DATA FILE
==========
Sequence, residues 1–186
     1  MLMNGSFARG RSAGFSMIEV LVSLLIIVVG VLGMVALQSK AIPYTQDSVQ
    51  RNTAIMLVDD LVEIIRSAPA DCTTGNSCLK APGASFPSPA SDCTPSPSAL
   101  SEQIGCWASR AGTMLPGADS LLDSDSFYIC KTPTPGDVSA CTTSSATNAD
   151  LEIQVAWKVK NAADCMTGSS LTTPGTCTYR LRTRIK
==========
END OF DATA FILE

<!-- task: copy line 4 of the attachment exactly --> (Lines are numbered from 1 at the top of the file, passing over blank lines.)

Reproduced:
   101  SEQIGCWASR AGTMLPGADS LLDSDSFYIC KTPTPGDVSA CTTSSATNAD